A baseball season is a slog, a marathon. 162 games, from early April to the first of October, playing essentially every day, with the only occasional days off mostly consumed with travel. In a novel-length narrative, themes emerge, characters are established and grow in significance, moments of comedy interrupting a fairly constant daily tension. And yet, sometimes, a single game, even a single inning seems filled with significance.
The Dodgers and the Giants have been rivals since the first days of the twentieth century, when both vied for New York supremacy. The Dodgers were Brooklyn, named for the habits of urchins who would sneak aboard streetcars, dodging fare-collectors; they played in Ebbetts Field. The Giants were upper Manhattan–the Polo Grounds were a short ways from Central Park, 110th Street and Fifth Avenue, prime uptown real estate. In the 1890’s, the team was led by four players, pitchers Tim Keefe and Mickey Welch, catcher Buck Ewing, and outfielder Roger Connors; all were above-average in height, leading their manager, Jim Mutrie, to refer to them as his ‘giants.’ The nickname, unaccountably, stuck.
The scrappy, hard-scrabble blue collar neighborhoods of Brooklyn vs. uptown Manhattan–it wasn’t just a rivalry based on sports. In ’47, the Dodgers acquired another identity–civil rights pioneers, with the apotheosis of Jackie Robinson. The Giants built theirs on another black superstar, Willie Mays. When both teams moved to California, the rivalry took on a California tinge. LA vs. San Francisco; it was still about a lot more than baseball. There’s a joke told about a Giants fan, a Padres fan and a Dodgers fan who go mountain climbing together. The Padres fan shouts: ‘this is for my team, the Padres!’ and leaps off a cliff to his death. The Giants fan shouts: ‘this is for my team, the Giants!’ and pitches the Dodger fan off.
In recent years, though, the Dodgers have fallen apart, due to the tasteless antics of their owner, Frank McCourt. He named his wife Jamie ‘team President’ and paid her an exorbitant salary to not do anything; the happy couple then filed for divorce, and their all-too-public squabbling cast an unflattering spotlight on the uglier habits of at least their version of the One Percent. Meanwhile, McCourt let the team and stadium deteriorate. As a Giants’ fan, the Frank and Jamie show couldn’t have been more entertaining, but it was bad for baseball, and probably even bad for the rivalry–you want your rivals to fail, but not to become a national joke.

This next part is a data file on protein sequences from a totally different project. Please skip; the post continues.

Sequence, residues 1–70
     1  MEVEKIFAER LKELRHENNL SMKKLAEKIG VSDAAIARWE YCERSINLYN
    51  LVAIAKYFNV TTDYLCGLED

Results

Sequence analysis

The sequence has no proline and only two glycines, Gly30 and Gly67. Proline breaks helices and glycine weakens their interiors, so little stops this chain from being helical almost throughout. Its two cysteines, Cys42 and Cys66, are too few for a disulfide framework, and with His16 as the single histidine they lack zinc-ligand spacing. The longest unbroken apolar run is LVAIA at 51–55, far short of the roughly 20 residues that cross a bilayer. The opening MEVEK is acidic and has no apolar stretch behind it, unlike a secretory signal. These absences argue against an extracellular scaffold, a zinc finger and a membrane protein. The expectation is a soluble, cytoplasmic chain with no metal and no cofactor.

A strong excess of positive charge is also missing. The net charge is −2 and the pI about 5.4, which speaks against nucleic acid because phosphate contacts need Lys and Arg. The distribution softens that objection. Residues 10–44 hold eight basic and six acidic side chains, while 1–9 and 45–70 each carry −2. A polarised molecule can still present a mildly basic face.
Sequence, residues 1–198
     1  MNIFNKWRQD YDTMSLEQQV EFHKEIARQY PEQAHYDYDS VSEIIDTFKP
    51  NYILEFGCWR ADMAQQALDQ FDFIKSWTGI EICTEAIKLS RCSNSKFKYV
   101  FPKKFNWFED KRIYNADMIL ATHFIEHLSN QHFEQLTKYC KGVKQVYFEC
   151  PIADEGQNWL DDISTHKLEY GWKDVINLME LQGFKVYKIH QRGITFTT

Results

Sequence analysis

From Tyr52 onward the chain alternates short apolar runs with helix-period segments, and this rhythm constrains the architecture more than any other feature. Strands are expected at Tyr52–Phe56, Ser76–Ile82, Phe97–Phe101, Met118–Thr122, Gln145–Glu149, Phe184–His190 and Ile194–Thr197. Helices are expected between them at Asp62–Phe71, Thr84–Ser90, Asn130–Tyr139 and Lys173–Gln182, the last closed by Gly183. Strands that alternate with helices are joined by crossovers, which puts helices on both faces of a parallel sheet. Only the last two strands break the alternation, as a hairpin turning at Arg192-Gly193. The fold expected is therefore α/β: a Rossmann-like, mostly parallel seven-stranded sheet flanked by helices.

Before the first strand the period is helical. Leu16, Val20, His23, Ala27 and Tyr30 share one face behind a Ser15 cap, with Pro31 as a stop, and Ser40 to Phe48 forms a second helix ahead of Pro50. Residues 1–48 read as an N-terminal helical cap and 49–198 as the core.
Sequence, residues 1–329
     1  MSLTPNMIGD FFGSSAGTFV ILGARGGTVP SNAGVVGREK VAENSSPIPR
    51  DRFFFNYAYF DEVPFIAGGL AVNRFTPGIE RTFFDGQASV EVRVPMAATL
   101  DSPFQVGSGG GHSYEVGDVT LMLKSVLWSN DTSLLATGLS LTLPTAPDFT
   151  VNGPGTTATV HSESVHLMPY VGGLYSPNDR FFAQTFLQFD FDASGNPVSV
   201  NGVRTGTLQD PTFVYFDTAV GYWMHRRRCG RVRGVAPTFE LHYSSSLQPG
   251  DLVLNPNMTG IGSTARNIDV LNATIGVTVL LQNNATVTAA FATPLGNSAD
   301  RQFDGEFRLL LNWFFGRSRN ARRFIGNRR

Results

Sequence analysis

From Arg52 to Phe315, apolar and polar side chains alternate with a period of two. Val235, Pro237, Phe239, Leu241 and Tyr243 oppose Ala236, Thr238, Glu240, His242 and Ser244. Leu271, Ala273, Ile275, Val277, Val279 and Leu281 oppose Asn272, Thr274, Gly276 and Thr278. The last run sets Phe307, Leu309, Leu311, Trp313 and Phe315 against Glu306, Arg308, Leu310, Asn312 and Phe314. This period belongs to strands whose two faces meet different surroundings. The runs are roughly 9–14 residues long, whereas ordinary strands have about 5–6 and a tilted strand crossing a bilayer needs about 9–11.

But McCourt finally did sell the team, and the ownership group he sold it to was fronted by none other than Magic Johnson. Magic is, of course, a Hall-of-Fame basketball player, but he’s since become a very successful businessman. And obviously, he knows sports. When I heard the news, I thought, ‘dang, Magic. They’re gonna get really good, really fast.’ And so, last month, the Dodgers relieved the dysfunctional Boston Red Sox of four exceptionally talented, unachieving, preposterously overpaid players; traded ’em for prospects.
Last night, the Dodgers starting pitcher was Josh Beckett. Beckett’s pedigree includes pitching two teams to World Series wins: the Florida Marlins in 2003, and the Red Sox in 2007. But last year, it was revealed that Beckett was a ring-leader of a group of disaffected Sox, who would disappear into the clubhouse during games, drinking beer and eating fried chicken.
His 2012 season has been pretty terrible, but he’s still Josh Beckett, he’s a great clutch pitcher, and I wasn’t thrilled to see him in a Dodger uniform. Last night, he was sharp, giving up just two runs over six innings, in a terrific pitcher’s duel with Timmeh; the Giant’s Lincecum, likewise trying to redeem a tarnished reputation.
September 7, then, in the middle of a pennant race, Giants in first place, Dodgers just behind in second. 2-2 game, seventh inning. Beckett v. Lincecum.
Dodger’s half, Mark Ellis, their second baseman, leads off with a soft infield single. Lincecum facing Shane Victorino. You know how it is; there are some guys who just rub you the wrong way. Victorino is a very good player, played last year for the Phillies, and we Giants’ fan just don’t like him. He’s cocky, obnoxious; we just don’t like him. When this year he was traded to the Dodgers, my favorite Giants’ blogger, Grant Brisbane of The McCovey Chronicles called it ‘the perfect match of bacteria and growth medium.’ Summed it up nicely. Bearing down, Timmeh strikes him out. Then Adrian Gonzalez, one of the Red Sox refugees, draws a walk–Timmeh’s control was awful the whole game. First and second, one out, seventh inning. Lincecum was up to 120 pitches, and Bruce Bochy reluctantly made the move–Santiago Casilla in. Casilla was once the team’s best relief pitcher–an injury set him back, but he still throws smoke. Strikeout, easy grounder; out of the inning.